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KDIGO Connections: Membranous Glomerulopathy

Welcome to the first post in our new series KDIGO Connections, a series in which we are asking our nephrologist colleagues to educate us in real-world experiences treating kidney disease. In this series, Dr. David Bourne will be kicking it off with KDIGO guidelines for a kidney disease in visual abstract form. Our hope is that these posts will foster discussion regarding these diseases and how different providers approach them. Please share any points, pearls, questions, caveats, thoughts, or experience you have on the presented disease letting us all learn from your experience!  

A tale of two cores…

Core “A” and “B” were taken from the same patient during the same biopsy procedure. The red blood cells within the tubules in core “B” represent a biopsy artifact sometimes seen when multiple passes are made during the same biopsy procedure. One confirmatory clue is the presence of red blood cells surrounding the periphery of core “B” – these are not present in core “A” which was likely the first core taken during the biopsy.    

Where is the normal kidney tissue?

This kidney biopsy shows the histologic features characteristic of malakoplakia, which includes a dense, often obliterative, inflammatory infiltrate rich in histiocytes (Fig. 1 and 2) with numerous small intracytoplasmic concretions known as Michaelis-Gutmann bodies (these are best identified using histochemical staining for calcium as in Fig. 3). Malakoplakia is thought to result from chronic bacterial infection of the urinary tract (the most common causative organism is E. coli). Many cases are associated with the formation of small plaques and/or mass lesions. The bladder is the most common site of involvement, but kidney involvement occurs in about 15% of cases. The...

Arteriole Transition

The image captures the transition of an arteriole as it loses its internal elastic lamina (black arrow).  Note that the smaller arteriole branch, while lacking this elastic layer, still retains smooth muscle cells (red arrow).  The elastic tissue adds structural integrity to arterial and larger arteriolar walls during pulsatile distension from higher intravascular pressure, and the retained muscular layer in small arterioles helps provide an important component of the pre-capillary sphincter mechanism, whereby regulation of blood flow to capillary beds occurs.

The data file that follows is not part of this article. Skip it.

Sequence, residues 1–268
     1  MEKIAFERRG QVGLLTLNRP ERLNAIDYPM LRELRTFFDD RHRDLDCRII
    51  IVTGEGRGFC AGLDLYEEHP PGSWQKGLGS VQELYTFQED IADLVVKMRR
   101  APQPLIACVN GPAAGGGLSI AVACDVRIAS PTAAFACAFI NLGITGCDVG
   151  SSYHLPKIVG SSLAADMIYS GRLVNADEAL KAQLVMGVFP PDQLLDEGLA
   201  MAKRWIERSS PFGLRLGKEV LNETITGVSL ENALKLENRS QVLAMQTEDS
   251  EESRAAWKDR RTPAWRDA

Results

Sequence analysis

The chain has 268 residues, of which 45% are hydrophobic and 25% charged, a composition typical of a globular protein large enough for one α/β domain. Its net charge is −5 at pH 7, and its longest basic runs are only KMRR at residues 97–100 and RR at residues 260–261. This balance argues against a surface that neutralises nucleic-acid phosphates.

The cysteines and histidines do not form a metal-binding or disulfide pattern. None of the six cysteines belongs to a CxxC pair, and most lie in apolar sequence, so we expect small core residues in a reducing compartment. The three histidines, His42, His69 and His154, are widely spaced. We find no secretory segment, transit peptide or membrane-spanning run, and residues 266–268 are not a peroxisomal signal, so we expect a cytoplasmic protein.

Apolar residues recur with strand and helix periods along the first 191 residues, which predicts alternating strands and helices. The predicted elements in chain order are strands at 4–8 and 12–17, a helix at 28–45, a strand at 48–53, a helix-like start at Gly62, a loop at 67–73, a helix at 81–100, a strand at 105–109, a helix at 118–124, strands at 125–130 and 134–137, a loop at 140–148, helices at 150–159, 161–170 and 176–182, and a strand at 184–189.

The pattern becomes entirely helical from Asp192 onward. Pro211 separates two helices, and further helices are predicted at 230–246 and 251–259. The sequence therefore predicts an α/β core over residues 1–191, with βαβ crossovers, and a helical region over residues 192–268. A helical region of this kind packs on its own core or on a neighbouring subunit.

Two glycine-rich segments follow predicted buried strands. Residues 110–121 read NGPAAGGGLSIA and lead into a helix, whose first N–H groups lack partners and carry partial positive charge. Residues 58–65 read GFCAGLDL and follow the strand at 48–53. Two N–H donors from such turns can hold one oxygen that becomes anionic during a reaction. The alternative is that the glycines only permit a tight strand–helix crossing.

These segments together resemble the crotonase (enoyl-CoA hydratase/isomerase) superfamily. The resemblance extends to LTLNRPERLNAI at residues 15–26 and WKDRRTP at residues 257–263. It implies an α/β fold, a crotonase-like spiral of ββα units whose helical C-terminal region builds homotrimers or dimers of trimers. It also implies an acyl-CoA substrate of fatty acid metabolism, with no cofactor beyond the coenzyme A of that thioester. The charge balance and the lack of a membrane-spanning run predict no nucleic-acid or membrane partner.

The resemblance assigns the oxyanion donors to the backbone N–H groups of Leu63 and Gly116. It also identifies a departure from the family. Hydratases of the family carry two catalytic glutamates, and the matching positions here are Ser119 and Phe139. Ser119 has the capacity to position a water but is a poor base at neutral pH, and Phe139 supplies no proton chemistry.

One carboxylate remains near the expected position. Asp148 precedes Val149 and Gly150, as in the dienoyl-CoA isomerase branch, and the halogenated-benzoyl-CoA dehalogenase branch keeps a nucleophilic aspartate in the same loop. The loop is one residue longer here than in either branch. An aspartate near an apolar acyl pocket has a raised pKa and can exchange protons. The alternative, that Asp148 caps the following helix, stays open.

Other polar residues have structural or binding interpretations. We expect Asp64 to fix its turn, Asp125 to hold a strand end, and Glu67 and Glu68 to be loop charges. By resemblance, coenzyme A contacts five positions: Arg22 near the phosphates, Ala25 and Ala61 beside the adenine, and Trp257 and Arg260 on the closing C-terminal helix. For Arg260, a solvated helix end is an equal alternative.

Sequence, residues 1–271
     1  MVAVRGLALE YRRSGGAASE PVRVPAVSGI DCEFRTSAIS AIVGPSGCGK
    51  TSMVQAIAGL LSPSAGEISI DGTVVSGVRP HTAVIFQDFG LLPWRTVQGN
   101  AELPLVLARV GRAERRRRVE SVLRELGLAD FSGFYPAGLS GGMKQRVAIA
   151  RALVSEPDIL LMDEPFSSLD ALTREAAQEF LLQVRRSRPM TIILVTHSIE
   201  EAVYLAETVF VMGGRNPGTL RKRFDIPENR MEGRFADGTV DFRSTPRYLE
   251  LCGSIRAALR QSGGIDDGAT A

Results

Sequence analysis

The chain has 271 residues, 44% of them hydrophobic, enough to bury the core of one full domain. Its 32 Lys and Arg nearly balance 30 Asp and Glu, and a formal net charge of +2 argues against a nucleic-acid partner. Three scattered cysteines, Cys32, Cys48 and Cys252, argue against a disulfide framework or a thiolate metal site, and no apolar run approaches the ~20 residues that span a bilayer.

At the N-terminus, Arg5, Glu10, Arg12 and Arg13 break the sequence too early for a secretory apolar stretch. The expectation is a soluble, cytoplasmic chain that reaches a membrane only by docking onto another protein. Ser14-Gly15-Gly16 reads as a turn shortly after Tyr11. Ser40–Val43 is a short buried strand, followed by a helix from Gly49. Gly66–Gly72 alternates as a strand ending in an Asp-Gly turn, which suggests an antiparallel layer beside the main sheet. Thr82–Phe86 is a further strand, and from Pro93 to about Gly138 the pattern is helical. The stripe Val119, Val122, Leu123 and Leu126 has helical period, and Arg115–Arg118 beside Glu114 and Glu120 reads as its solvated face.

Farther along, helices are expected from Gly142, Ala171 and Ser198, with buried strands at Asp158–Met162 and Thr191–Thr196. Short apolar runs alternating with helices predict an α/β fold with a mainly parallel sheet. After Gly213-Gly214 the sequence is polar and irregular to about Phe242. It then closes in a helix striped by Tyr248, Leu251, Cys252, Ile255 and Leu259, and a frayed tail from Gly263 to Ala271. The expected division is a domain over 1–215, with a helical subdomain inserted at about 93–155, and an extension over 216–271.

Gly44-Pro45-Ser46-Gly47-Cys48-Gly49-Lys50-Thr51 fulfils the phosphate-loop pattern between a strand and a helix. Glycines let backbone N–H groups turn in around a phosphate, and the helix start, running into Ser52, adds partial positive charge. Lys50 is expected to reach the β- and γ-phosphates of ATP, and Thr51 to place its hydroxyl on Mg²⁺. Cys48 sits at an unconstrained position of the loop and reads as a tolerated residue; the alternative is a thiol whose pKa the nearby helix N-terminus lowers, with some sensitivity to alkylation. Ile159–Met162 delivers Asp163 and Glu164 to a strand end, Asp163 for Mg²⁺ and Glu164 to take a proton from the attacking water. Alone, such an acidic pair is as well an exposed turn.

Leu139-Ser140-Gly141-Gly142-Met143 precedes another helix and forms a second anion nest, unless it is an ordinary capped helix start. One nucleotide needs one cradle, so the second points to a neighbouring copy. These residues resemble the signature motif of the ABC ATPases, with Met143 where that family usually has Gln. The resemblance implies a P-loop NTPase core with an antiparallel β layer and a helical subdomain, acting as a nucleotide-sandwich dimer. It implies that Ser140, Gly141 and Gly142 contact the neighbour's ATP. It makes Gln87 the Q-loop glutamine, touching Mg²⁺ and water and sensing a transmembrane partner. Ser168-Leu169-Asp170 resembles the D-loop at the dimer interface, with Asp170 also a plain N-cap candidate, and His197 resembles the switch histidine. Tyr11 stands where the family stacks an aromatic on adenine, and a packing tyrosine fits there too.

IgA nephropathy with something extra…

The biopsy is from a 61-year-old man with a history of intermittent microscopic hematuria for many years who presents with recent 18-pound weight loss and nephrotic syndrome.  His creatinine is mildly elevated at 1.3 mg/dL.  He has 12.5 g of proteinuria and his serum albumin is 2.6 mg/dL.  The biopsy shows diffuse mild mesangial matrix expansion with no necrosis or proliferative lesions (Fig. 1).  Immunofluorescence microscopy shows extensive granular mesangial IgA deposits (3+) (Fig. 2), compatible with IgA nephropathy.  Interestingly, the Jones methenamine silver stain also shows argyrophilic spikes involving capillary loops, which are most suggestive of spicular amyloid deposits...

Infection-Associated Glomerulonephritis

This biopsy is taken from a 39-year-old woman who presents with abdominal pain, ascites, and lower extremity edema. Her serum creatinine is 3.9 mg/dL and her complete blood count shows leukocytosis (14,500). Initial serologic workup is negative. The biopsy shows a diffuse proliferative glomerulonephritis characterized by global endocapillary hypercellularity with prominent neutrophils, best visualized using methenamine silver staining (Fig. 1). No crescents, necrotizing lesions, or significant double contours are identified. By immunofluorescence, there is coarsely granular (3+) capillary wall and less prominent mesangial staining for IgG, C3, kappa, and lambda (Fig. 2). Electron microscopy shows global endocapillary proliferation and numerous...